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I designed a board game that is similar to chess, but on a hexagonal board and fundamentally different in a number of significant ways. For instance it can be two or three player, and the moves of every piece have full rotational symmetry. I have played a handful of people, and most everyone who likes chess really enjoys playing my game. My audience is probably a niche of people, maybe 50-60% of people who enjoy chess will want to try my game.

It's not urgent, but at some point I want to seriously pursue selling it. What's the best path of action to take, especially if I want to keep the rights to the design?

  1. Refine details with a focus group - to get feedback
  2. Patent the game (somehow?)
  3. Bring to gaming conventions to get feedback
  4. Draft up a business & marketing plan
  5. Start to manufacture and sell online

Is this a good plan? Can anyone speak from experience?

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    For what it's worth, I would strongly advise against this. There is a VERY small market (50-60% of chess players is ludicrous - I can't get 50% of IRL chess players to try Chess 960, and it's free + created by one of the best in the game's history). There are many game design websites, including a subforum on BGG. A thorough reading of these should dissuade you. Again, design is good, but this is one way you can fail before you start. – The Chaz 2.0 Aug 17 '20 at 14:35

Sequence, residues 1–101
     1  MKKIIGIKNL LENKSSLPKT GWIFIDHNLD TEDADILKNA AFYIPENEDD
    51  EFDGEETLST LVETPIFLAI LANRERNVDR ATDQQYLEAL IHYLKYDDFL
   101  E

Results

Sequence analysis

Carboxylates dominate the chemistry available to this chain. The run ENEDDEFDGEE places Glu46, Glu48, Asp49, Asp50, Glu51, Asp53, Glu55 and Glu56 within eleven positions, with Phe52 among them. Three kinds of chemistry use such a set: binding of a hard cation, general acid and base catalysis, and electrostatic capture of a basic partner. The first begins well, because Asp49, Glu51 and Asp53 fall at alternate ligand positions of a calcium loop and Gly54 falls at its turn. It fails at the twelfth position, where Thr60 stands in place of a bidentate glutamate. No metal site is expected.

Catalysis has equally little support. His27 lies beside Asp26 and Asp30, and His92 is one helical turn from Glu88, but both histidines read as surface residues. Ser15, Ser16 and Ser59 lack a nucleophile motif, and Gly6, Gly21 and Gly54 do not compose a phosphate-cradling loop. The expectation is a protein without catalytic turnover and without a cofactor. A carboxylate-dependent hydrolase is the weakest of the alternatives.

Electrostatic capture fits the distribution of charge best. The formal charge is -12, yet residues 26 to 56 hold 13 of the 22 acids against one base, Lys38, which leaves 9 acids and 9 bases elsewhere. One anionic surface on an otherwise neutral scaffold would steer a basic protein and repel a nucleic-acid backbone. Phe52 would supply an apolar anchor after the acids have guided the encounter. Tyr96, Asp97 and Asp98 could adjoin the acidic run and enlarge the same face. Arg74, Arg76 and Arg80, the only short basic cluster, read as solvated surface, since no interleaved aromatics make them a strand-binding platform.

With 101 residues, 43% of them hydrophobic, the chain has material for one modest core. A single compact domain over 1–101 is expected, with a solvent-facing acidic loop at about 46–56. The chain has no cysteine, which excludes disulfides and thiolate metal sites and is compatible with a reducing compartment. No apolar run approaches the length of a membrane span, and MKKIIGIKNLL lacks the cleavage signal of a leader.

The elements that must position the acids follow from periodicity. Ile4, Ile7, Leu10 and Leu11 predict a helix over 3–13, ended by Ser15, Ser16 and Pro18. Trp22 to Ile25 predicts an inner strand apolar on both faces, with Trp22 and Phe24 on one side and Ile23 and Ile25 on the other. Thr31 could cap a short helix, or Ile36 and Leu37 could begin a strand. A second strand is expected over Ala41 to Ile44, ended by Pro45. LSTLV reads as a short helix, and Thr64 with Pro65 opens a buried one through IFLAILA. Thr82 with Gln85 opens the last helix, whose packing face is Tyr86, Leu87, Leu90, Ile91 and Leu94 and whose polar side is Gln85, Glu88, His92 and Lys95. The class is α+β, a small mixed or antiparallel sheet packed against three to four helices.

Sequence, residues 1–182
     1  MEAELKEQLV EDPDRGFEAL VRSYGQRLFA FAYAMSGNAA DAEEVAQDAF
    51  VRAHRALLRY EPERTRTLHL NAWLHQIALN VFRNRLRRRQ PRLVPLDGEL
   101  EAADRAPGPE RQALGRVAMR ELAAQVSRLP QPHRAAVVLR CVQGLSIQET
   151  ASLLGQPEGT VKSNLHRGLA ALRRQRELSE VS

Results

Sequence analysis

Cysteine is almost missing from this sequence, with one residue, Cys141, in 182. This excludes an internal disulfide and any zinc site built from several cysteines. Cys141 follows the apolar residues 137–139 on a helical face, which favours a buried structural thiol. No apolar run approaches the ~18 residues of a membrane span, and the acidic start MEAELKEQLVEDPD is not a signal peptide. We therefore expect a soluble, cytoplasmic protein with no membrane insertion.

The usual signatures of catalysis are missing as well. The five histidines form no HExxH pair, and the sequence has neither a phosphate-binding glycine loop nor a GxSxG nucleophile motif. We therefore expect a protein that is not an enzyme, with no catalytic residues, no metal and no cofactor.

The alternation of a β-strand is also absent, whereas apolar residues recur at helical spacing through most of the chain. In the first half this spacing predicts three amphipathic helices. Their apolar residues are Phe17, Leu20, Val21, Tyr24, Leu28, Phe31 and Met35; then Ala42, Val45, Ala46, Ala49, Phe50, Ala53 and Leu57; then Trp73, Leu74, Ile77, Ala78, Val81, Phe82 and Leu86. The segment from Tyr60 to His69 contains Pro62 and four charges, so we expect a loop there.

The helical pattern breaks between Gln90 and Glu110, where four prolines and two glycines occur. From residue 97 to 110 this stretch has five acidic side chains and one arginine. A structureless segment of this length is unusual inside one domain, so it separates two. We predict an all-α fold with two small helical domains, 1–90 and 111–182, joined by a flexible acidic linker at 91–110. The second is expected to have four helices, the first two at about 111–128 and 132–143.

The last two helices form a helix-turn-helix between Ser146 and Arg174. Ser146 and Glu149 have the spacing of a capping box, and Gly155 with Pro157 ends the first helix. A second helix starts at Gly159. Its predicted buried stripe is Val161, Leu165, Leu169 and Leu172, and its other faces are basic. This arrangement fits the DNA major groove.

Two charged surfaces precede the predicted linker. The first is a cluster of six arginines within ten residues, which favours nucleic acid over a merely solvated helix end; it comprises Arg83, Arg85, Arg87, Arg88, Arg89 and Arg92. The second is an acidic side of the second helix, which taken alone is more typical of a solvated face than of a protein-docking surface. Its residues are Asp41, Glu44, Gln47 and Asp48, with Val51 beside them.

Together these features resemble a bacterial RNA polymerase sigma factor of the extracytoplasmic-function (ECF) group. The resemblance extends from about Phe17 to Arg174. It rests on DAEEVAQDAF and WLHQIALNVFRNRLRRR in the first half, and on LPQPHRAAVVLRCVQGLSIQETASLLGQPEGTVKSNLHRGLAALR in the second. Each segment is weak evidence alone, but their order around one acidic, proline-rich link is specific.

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It's important to play test your game A LOT with strangers. Watch people read your rules. Things you think are easy to understand people will struggle with!

You may find play test groups local to you. With global lockdown there are a huge number on online play test groups if you can make a digital version of your game. Details are here. https://cardboardedison.com/playtest-groups. I take part in these groups and they are extremely useful.

With regards to trying to find a publisher or self publishing there is an absolute mountain of information online particularly on the Cardboard Edison website.

I will say is there a huge amount of competition out there. You are describing what is called an abstract game. There are countless abstracts games on the market already so for it have a chance it would need to stand out. I'm finding playing in playtest groups lots of game from people who have only played a few games, if you're going to design a game I recommend playing as many different games as you can to learn what works.

I personally wouldn't bother with a patent, the industry is so interconnected that if anyone was going to steal an idea this would be widely known. I also don't think you can patent a game mechanic anyway.

My friends who have self published via Kickstarter are doing so because they want to release a game, not because they want to make money. Kickstarter is also a huge investment in terms of time and money upfront making prototypes, videos, marketing etc. Self publishing friends have described it as doing a full time job as a hobby.

I'm currently talking with publishers about a game I've spent last 16 months working on and have been play testing online with strangers. Through online groups I'm fortunate enough to have been able to speak with published designers, My understanding with talking to to them is that designers is that you would get about 5-8% of the wholesale price as a royalty. So if a game has a retail price of about £50 the designer will get about £1 per copy sold.

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